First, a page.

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What is the difference between dead volume and dwell volume?

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The dead volume

The dead volume is the volume of an HPLC system between the point of injection to the point of detection, excluding the column.
Thus it includes the injection volume, the volume of the injector, the volume of the connecting tubing before and after the column, the volume of the end-fittings and frits, and the volume of the detector flow cell.
The dead volume can be measured by replacing the column with a zero dead-volume connector.
By injecting a very small sample amount, the time can be measured between the moment of injection and the maximum peak height. This time multiplied by the flow rate gives you a very good estimation of the system dead volume.

The dwell volume

The dwell volume is responsible for the time delay for a gradient.
By definition it is the volume of a gradient HPLC system between the mixing chamber and the column inlet.
This volume does of course also exist under isocratic elution, but in that case, it has no impact on the separation.
It includes the volume of the gradient mixer, the connecting tubing to the pump, the pump head and check-valves, the tubing between the pump and the injector, the injector itself, and the tubing between the injector and the column inlet.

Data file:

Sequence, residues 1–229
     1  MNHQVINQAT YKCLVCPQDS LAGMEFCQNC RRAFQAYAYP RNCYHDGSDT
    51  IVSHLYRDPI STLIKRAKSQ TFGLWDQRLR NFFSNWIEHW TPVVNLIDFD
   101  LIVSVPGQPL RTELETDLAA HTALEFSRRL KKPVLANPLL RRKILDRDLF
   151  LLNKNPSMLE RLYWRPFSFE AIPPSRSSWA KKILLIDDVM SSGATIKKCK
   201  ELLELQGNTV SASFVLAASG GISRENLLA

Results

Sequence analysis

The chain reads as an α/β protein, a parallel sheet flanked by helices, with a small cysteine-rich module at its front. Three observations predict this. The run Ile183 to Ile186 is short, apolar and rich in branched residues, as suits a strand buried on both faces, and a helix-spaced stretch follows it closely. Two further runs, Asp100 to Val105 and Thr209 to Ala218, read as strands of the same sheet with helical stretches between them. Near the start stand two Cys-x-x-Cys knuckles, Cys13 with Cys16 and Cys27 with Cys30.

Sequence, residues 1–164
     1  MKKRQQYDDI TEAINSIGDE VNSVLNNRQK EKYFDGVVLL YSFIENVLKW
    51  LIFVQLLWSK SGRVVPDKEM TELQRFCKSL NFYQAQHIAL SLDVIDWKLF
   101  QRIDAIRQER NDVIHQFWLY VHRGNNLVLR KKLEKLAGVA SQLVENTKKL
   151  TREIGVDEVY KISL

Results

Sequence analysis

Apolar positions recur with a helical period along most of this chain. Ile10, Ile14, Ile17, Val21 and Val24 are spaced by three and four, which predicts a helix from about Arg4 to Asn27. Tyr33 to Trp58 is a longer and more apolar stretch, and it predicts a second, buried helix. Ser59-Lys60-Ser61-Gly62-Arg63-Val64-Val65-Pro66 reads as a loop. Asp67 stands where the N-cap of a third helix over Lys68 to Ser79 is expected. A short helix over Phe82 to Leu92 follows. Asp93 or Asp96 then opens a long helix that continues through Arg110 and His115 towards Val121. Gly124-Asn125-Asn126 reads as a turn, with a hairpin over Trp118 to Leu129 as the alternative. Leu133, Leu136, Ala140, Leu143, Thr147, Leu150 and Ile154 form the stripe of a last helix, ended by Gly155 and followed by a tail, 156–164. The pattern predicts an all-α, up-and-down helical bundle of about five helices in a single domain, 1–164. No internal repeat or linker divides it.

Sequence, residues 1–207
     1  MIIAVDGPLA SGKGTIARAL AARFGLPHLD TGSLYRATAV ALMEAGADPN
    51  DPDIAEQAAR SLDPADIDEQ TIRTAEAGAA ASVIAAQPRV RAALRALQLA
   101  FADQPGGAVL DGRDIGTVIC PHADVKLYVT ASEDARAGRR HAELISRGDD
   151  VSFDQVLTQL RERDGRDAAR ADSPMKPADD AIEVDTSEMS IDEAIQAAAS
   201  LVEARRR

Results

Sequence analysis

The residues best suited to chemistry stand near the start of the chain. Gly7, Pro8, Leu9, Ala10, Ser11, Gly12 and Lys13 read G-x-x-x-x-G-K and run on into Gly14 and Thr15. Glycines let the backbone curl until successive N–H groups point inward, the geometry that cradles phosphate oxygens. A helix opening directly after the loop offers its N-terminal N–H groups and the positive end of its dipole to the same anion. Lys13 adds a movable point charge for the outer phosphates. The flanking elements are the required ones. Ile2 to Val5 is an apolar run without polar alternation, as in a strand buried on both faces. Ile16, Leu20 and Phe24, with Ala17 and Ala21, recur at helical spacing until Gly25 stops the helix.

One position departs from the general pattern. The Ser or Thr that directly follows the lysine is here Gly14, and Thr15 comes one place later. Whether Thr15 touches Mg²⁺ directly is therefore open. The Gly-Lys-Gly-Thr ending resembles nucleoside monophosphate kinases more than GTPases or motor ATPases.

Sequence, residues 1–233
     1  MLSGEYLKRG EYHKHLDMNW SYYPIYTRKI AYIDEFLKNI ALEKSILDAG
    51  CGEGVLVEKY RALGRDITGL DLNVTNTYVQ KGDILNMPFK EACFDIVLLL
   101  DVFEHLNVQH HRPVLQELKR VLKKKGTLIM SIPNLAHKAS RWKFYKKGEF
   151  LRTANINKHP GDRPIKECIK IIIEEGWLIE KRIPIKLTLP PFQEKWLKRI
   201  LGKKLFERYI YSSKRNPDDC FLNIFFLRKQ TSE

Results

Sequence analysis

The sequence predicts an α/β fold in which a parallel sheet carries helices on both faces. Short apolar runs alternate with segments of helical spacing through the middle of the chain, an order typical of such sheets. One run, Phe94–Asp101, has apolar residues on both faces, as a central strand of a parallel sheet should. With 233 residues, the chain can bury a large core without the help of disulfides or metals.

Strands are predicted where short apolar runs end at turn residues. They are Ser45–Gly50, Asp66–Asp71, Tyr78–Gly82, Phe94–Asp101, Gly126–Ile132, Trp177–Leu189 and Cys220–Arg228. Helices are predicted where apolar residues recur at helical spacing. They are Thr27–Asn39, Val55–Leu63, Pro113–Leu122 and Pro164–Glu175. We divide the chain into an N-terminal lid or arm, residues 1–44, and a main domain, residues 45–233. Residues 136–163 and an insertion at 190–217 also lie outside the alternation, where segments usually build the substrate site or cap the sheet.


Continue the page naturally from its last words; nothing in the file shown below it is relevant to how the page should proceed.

When initiating a gradient, the column is not subjected to the change in eluent composition until the gradient has passed the dwell volume.
During that time, the column is operated under isocratic elution. Attention has to be given when transferring a gradient method from one instrument to another.
If the dwell volume differs, the retention times will likely differ as well, despite an identical method and column.
The dwell volume can be measured by running a step gradient from 100 % methanol to 100 % methanol + 10 mg/L acetophenone.
The UV detector will detect an S-shaped trace.
The dwell volume is equal to the time between the injection and half height of the detector trace, multiplied by the flow rate.